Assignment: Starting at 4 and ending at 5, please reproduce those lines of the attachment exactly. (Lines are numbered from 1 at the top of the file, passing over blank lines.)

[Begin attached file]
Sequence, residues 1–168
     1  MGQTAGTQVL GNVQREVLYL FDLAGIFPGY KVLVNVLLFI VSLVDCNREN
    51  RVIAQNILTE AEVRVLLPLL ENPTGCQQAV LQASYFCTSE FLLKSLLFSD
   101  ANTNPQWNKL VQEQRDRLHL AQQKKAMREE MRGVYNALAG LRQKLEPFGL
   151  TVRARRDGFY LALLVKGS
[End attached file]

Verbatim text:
   101  ANTNPQWNKL VQEQRDRLHL AQQKKAMREE MRGVYNALAG LRQKLEPFGL
   151  TVRARRDGFY LALLVKGS